In Britain, I found the Christmas season to be quite magical. No, I didn't mis-spell maniacal. It's not because this is the home of A Christmas Carol and Love, Actually. It's because I experienced all these new traditions for the first time, like a child would.
For most, remembering childhood Christmas still gives one the 'good feels'. Those images in my head are glossy, sentimental and romantic. Presents, music, family and special food. The sights, sounds and smells from those Christmases past are as fresh as though they happened yesterday.
To be clear, I didn't exactly relive the Christmases of my youth. But I did experience some of those happy feelings. I am not a Christmas hater, but I do think I have become a bit more cynical towards the gross marketing of the whole season (Lexus' December to Remember tops my vomit-inducing list). Let's just say, my new experiences would quiet my inner snark and recapture a little bit of that innocence.
One of those experiences was Pantomime. A great tradition of the British holiday season, Pantomime has a long theatrical history dating back to 16th century Italy. It became distinctly English entertainment by 18th century, first known as harlequinade and then evolving into Pantomime- named because the early performances were mostly visual, consisting of dancing and gestures.
Panto, as it's informally referred, is a theatre production involving music, slapstick comedy and mild sexual innuendo, with a story based loosely on a fairy tale. The hallmarks of modern panto include:
- A male lead character played by a young woman
- An older female character (the grand dame) played by a middle-aged man in drag
- Audience participation, mainly in the form of two phrases: 'Look behind you!' and 'Oh, yes it is!/Oh, no it isn't!'
It's truly a holiday tradition, especially for children. I overheard colleagues discussing it at work and decided to check it out for myself. I enlisted the help of a few friends who were all-too-happy to show me the ropes.
We met at the Key Theatre in Peterborough and had a cocktail before the performance to get us in the spirit. The production was re-interpretation of Mother Goose with the plot focused on the goose that lays the golden eggs.
I was surprised how spirited the audience was. They knew their role and were ready to play it. It was loud but I couldn’t help but smile- the participation of the children in the audience saying ‘Oh, yes it is!’ was impossibly cute. The over-the-top performance of the grand dame was comical with just the right amount of innuendo. As is the hallmark of the British, the fast-paced insults were brilliant, with local towns a frequent target.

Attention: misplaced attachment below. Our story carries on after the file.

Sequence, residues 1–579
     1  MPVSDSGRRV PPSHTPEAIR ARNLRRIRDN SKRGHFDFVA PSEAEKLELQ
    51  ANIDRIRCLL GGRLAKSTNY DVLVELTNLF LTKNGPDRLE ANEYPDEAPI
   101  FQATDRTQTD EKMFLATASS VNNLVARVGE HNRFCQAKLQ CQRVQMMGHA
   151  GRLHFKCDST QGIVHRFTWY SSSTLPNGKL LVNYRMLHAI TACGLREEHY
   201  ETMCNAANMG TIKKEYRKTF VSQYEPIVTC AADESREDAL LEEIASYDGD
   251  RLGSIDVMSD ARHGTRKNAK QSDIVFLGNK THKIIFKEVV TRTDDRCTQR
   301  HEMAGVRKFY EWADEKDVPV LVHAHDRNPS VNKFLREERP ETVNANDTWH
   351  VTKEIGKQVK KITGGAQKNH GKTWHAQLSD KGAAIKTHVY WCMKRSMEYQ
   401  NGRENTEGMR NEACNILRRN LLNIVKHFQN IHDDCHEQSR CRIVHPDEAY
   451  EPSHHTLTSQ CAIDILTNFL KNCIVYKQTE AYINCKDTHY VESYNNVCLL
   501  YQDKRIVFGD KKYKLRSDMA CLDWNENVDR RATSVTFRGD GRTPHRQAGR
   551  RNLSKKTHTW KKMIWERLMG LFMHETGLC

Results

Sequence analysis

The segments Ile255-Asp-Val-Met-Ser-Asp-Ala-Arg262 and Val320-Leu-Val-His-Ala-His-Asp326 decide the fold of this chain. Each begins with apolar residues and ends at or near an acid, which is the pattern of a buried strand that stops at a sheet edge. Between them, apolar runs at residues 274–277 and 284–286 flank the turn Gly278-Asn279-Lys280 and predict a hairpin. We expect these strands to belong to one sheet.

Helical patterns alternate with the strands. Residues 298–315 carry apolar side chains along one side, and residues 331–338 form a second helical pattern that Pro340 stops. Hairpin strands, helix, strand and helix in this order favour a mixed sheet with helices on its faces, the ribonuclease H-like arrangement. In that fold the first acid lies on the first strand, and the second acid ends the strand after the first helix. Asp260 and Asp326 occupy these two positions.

It was over before we knew it and I was officially a fan.
Music is a big part of the Christmas season in the UK. I’ve always been amused by the story line in Love, Actually where the washed up rocker attempts his big comeback by releasing a Christmas single. This is something that really does happen here.
Christmas songs often become super hits and no holiday season is complete without them. Songs like Wham’s 'Last Christmas', and Mariah Carey’s ‘All I Want for Christmas Is You’ are classics. I'm pretty sure Mariah could probably run for office in the UK and win.
Despite having what I consider to be a fair amount of music knowledge, we spent one Christmas watching a music video marathon and watched in disbelief as song after song played that we never heard of before.
Two really stand out to me.
1) Cliff Richard's 'Mistletoe and Wine'. Cliff Richard is a national treasure. I was barely familiar with him (Devil Woman, anyone?) but in Britain he is major music celebrity. Have a look in this You Tube video: https://www.youtube.com/watch?v=b7lKKNrXUJg
2) Wizzard's 'I Wish it Could be Christmas Everyday'. When I mentioned this song and that a) I was creeped out by the video and b) shocked it brought warm fuzzies to the British people, my friends were incredulous in their responses. 'Oh, but that is a classic!' they protested. See for yourself:https://www.youtube.com/watch?v=ZoxQ4Ul_DME
I'm still creeped out by the video, but have warmed to the tune.
We experienced many other new traditions, including Christmas markets (though the smell of mulled wine has scarred me for life), Christmas crackers (you pull with a friend until it pops, then you place a paper hat on your head and read a bad joke), Christmas pudding (a heavy spice cake you boil until heated and then serve with custard) and Boxing Day (UK holiday the day after Christmas) horse races with good friends.
It was an eventful time with so many new memories but the one that really sticks to me is last Christmas. I vividly remember sitting on the floor in the living room with the fireplace roaring, music videos softly playing, a paper hat on my head and a bowl of Christmas pudding in hand. Perry was petting the cat and wrapping paper surrounded him.
We looked at each other and laughed at our good fortune. It was a glossy, sentimental and romantic moment.
It was Christmas.